Sunday, January 4, 2015

Michael Lewis in The New Republic

Michael Lewis review of Billionaire's: Reflections on the Upper Crust. A couple of quotes I would highlight - First, on Bode Miller's grandfather:
"When I was fourteen I met a man with a talent for restoring a sense of fairness to a society with vast and growing inequalities in wealth. His name was Jack Kenney and he’d created a tennis camp, called Tamarack, in the mountains of northern New Hampshire."... "He ran his tennis camp less as a factory for future champions than as an antidote to American materialism—and also to the idea that a person could be at once successful and selfish. (You can still hear his quixotic suspicion of conventional success echoed in his grandson, the Olympic champion Bode Miller, who grew up on the campsite.)" Jack Kenney’s assault on teenaged American inequality began at breakfast the first morning. The bell clanged early, and the kids all rolled out of their old stained bunk beds, scratched their fresh mosquito bites, and crawled to the dining hall. On each table were small boxes of cereal, enough for each kid to have one box, but not enough that everyone could have the brand of cereal he wanted. There were Fruit Loops and Cheerios, but also more than a few boxes of the deadly dark bran stuff consumed willingly only by old people suffering from constipation. On the second morning, when the breakfast bell clanged, a mad footrace ensued. Kids sprung from their bunks and shot from cabins in the New Hampshire woods to the dining hall. The winners got the Fruit Loops, the losers a laxative. By the third morning, it was clear that, in the race to the Fruit Loops, some kids had a natural advantage. They were bigger and faster; or their cabins were closer to the dining hall; or they just had that special knack some people have for getting whatever they want. Some kids would always get the Fruit Loops, and others would always get the laxative. Life was now officially unfair. After that third breakfast, Kenney called an assembly on a hill overlooking a tennis court. He was unkempt and a bit odd; wisps of gray hair crossed his forehead and he looked as if he hadn’t bathed in a week. He was also kind and gentle and funny, and kids instantly sensed that he was worth listening to, and wanted to hear what he had to say. “You all live in important places surrounded by important people,” he’d begin. “When I’m in the big city, I never understand the faces of the people, especially the people who want to be successful. They look so worried! So unsatisfied!” Here his eyes closed shut and his hands became lobster claws, pinching and grasping the air in front of him. “In the city you see people grasping, grasping, grasping. Taking, taking, taking. And it must be so hard! To be always grasping-grasping, and taking-taking. But no matter how much they have, they never have enough. They’re still worried. About what they don’t have. They’re always empty.” Eyes closed, talking as much to himself as to us, he described the life of not-so-quiet desperation until every kid on the hill wondered what this had to do with the two-handed backhand. Then he opened his eyes and finished: “You have a choice. You don’t realize it, but you have a choice. You can be a giver or you can be a taker. You can get filled up or empty. You make that choice every day. You make that choice at breakfast when you rush to grab the cereal you want so others can’t have what they want.” And then he moved on to why no one should ever hit a two-handed backhand—while every kid on the hill squirmed and reddened and glanced at each other, wondering if everyone else realized what an asshole he’d been. On the fourth morning, no one ate the Fruit Loops. Kids were thrusting the colorful boxes at each other and leaping on the constipation cereal like war heroes jumping on hand grenades. In a stroke, the texture of life in this tennis camp had changed, from a chapter out of Lord of the Flies to the feeling between the lines of Walden. Even the most fantastically selfish kids did what they could to contribute to the general welfare of the place, and there was not a shred of doubt that everyone felt happier for it. The distinction between haves and have-nots, winners and losers, wasn’t entirely gone, of course. But it became less important than this other distinction, between the givers and the takers."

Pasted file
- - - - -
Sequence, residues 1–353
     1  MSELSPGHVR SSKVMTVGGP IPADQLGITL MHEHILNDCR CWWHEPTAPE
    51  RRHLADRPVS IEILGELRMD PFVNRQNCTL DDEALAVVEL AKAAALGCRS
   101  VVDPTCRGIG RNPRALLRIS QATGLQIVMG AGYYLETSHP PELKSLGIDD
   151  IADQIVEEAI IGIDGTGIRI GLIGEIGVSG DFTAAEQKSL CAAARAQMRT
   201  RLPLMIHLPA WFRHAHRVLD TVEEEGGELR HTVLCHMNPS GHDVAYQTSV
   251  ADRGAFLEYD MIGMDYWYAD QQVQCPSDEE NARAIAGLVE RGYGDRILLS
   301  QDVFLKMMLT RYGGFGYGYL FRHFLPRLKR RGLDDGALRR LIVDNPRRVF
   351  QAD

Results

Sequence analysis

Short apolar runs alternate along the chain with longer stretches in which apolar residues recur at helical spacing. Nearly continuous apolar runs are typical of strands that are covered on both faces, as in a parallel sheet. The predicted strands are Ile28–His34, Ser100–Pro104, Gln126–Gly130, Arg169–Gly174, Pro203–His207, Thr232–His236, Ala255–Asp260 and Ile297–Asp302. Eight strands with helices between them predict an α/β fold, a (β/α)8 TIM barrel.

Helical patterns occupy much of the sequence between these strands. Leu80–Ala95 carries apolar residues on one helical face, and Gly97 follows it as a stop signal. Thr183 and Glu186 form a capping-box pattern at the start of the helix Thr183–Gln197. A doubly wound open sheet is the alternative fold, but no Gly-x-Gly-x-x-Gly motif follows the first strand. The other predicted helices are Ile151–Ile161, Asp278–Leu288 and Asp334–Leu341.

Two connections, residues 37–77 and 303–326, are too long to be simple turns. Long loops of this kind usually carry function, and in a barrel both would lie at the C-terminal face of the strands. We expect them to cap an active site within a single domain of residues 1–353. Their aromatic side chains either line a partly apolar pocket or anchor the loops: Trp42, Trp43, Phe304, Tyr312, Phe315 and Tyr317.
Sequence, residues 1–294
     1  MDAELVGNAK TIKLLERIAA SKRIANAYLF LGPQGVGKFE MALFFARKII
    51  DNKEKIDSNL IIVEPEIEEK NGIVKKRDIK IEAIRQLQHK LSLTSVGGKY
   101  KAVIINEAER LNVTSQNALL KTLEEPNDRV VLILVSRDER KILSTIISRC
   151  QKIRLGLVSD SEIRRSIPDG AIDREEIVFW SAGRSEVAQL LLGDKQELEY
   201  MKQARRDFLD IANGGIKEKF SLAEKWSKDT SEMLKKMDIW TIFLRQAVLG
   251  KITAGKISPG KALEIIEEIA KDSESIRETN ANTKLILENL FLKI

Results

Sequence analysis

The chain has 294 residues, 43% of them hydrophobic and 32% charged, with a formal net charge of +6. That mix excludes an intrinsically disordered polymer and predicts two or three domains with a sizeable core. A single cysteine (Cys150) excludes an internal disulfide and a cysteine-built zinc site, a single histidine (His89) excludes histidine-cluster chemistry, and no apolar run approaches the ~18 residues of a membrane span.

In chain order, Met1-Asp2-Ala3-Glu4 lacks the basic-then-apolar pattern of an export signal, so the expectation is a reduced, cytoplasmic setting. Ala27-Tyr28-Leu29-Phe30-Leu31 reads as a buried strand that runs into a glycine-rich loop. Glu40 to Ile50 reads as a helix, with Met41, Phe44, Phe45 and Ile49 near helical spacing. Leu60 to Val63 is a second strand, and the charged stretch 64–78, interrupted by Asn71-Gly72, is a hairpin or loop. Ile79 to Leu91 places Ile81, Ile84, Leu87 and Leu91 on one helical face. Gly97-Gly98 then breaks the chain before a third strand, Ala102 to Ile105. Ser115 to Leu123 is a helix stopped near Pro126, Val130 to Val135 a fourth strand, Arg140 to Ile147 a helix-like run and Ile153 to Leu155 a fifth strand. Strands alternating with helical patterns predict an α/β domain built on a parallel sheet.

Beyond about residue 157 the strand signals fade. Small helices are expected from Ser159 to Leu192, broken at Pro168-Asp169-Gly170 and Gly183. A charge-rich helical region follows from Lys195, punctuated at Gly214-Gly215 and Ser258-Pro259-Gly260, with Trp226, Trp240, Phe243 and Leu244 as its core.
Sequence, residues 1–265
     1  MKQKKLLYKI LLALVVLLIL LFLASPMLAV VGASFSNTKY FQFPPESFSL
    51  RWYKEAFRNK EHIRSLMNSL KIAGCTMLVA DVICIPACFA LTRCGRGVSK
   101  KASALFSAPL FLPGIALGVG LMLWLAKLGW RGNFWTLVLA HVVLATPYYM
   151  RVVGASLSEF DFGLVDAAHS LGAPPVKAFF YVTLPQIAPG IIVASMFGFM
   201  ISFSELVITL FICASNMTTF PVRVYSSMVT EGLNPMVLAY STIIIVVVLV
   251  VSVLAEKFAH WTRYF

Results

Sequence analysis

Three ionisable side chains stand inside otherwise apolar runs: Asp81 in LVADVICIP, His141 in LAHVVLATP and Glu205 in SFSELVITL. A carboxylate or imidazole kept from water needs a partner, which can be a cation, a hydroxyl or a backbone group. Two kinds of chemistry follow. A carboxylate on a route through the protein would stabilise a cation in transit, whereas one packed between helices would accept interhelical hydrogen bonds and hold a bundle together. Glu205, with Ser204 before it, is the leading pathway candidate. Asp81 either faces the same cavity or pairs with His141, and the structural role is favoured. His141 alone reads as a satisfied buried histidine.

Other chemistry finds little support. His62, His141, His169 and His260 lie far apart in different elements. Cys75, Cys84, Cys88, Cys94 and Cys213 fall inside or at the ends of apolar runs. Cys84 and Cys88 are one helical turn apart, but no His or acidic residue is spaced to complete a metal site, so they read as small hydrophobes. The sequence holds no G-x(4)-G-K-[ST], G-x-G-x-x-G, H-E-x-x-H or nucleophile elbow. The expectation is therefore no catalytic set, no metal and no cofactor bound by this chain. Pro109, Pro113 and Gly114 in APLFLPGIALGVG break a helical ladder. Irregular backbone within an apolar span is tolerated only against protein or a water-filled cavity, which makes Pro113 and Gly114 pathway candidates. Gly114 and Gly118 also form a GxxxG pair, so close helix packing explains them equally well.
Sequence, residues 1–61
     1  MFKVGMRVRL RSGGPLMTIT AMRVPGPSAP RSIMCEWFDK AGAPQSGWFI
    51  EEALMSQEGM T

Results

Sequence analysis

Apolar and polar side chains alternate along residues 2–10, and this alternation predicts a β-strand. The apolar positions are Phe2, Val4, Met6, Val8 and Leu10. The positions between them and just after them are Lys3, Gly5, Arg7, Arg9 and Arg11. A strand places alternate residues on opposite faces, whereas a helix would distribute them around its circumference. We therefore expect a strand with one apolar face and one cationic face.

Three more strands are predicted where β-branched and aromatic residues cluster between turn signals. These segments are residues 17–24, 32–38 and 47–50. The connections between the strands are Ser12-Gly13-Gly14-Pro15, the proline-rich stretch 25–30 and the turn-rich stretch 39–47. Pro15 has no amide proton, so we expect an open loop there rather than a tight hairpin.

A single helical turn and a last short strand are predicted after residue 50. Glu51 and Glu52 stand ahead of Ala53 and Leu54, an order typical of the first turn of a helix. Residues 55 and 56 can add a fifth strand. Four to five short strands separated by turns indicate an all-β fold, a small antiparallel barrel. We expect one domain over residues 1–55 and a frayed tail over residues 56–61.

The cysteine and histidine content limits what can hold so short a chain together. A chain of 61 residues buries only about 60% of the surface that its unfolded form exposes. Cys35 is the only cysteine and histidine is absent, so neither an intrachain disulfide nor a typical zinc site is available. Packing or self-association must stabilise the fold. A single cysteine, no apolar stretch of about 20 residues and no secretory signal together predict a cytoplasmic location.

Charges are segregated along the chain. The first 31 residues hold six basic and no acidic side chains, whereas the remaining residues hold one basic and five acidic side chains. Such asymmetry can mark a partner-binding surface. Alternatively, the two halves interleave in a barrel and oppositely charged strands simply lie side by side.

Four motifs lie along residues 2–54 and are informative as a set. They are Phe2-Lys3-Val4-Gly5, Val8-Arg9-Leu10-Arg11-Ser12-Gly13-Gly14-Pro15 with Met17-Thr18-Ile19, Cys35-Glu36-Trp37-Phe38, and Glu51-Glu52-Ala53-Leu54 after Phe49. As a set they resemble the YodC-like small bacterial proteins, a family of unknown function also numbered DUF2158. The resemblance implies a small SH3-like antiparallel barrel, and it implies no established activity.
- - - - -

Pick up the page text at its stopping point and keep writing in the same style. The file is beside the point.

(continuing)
Lewis also highlights research on the wealthy which is fascinating, but this quote to me is the most accurate and important, and one for all their bloviating is hardest to remember -
"Rich people, in my experience, don’t want to change the world. The world as it is suits them nicely."

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